The disease continued to progress and she was losing her ability to take care of herself. But there was hope in the assistance that we received in the community. She was going to a local non-profit adult daycare (we refer to it as going to “work”) a few times a week where she received some physical therapy. They sent someone to her apartment to help her bathe and tidy things up a bit a few times a week. We, along with our aunt, ran all of her errands for her and things seemed bearable for a while. The doctor had adjusted her medications several times over the years to help diminish the nasty side effects and the combination of medication at the time was helping her symptoms as best as possible.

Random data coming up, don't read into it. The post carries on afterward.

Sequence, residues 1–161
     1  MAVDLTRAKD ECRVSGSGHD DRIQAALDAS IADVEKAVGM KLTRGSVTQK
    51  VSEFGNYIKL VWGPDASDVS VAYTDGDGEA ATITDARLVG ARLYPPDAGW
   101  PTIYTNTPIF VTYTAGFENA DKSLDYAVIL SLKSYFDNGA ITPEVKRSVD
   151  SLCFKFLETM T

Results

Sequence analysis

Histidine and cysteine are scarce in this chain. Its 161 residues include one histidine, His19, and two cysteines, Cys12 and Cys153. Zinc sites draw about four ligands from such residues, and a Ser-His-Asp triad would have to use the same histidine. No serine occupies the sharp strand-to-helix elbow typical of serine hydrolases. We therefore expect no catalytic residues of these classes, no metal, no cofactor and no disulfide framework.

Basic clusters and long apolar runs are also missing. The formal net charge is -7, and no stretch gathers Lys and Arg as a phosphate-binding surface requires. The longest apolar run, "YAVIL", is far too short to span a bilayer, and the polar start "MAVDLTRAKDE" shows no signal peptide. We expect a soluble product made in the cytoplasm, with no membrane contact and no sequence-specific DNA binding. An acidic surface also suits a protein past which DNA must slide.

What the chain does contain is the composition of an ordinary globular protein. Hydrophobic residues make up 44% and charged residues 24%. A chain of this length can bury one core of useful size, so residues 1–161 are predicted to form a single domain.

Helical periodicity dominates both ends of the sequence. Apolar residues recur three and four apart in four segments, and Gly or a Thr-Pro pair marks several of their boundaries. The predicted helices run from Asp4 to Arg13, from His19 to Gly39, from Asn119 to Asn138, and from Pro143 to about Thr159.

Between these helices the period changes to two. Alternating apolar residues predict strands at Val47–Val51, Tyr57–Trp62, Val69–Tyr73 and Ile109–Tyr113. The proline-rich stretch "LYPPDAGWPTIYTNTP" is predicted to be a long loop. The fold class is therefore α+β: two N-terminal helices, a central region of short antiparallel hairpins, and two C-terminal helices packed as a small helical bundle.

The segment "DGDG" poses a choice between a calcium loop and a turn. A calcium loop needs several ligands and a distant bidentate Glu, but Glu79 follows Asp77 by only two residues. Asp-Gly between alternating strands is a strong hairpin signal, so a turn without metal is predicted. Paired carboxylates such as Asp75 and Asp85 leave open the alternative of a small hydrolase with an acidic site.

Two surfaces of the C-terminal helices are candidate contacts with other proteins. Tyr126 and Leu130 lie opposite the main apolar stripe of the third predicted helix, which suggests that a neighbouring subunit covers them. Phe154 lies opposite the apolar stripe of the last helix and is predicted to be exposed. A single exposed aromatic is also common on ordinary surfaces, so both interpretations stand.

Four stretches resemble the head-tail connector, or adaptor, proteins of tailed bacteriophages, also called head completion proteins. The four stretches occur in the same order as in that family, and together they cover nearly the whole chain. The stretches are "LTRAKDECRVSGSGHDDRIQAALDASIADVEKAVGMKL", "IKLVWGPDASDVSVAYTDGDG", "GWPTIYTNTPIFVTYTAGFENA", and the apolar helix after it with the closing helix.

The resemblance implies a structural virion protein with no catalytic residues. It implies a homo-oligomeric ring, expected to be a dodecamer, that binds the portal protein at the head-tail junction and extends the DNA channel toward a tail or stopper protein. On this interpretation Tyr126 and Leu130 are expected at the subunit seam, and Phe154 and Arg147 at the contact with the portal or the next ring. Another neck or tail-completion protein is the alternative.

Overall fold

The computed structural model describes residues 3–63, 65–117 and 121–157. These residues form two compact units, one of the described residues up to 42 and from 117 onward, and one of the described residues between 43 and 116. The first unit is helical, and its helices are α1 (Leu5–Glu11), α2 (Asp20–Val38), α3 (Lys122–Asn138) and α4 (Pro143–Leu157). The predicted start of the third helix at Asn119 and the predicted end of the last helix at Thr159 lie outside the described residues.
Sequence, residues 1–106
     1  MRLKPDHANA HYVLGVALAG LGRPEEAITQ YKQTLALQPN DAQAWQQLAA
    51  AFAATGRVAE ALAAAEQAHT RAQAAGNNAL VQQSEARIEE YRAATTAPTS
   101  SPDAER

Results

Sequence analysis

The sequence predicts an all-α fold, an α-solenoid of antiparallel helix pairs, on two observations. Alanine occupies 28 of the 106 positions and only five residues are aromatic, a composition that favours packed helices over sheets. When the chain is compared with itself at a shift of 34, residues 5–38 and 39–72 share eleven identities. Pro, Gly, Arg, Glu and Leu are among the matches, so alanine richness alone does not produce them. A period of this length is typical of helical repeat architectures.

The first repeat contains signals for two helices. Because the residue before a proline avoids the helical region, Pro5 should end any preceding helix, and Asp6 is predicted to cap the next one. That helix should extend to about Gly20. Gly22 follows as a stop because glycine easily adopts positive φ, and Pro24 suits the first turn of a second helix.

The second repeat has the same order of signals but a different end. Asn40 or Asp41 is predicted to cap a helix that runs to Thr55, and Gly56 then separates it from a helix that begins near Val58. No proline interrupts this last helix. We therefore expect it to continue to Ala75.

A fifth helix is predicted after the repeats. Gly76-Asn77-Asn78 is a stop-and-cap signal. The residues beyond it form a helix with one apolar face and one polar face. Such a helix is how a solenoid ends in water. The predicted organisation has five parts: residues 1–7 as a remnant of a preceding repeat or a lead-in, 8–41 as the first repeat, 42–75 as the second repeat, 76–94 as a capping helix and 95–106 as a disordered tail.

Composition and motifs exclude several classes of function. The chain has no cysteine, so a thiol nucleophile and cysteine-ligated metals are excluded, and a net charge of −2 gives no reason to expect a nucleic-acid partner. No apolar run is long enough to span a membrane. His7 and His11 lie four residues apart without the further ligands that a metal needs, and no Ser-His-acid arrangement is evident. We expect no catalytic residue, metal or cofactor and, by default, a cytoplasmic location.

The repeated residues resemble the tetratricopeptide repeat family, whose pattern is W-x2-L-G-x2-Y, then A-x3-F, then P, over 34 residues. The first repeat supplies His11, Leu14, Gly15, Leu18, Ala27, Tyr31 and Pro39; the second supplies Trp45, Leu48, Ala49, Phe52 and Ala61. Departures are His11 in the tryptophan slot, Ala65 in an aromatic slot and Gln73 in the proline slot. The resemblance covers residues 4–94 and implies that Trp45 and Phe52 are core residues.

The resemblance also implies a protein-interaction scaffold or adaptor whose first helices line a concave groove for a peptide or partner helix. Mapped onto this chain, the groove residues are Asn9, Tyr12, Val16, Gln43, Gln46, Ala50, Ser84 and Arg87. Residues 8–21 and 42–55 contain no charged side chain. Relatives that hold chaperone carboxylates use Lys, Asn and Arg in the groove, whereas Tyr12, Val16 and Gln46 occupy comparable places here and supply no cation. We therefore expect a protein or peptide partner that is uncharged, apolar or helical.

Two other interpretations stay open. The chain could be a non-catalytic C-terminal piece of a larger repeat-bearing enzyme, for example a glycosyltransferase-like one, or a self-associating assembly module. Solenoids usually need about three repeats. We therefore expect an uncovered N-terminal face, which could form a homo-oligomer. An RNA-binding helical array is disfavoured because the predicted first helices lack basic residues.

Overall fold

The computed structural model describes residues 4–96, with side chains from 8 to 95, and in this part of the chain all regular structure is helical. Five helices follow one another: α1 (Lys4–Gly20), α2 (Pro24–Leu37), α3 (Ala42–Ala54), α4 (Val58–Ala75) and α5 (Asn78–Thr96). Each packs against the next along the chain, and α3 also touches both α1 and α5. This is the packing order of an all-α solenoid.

Then her disease attacked with great vengeance. Nee Nee was stuck in a power-chair and couldn’t do much on her own anymore. She couldn’t even get out of bed to use the bathroom at night. She needed help everyday, more than what the adult daycare could provide, and poor M took on most of the duties.  M worked from home as an independent contractor for a website, and unfortunately, was the only one who could jump every time Nee Nee called with some want or need. Things got so bad that M spent almost 48 hours awake helping Nee Nee one weekend, who was then doctor ordered in to respite care. She couldn’t stand, she couldn’t walk, she couldn’t talk, and her body was completely exhausted. The doctor, realizing what we had already come to know, had finally decided that it was a safety hazard for her to live alone.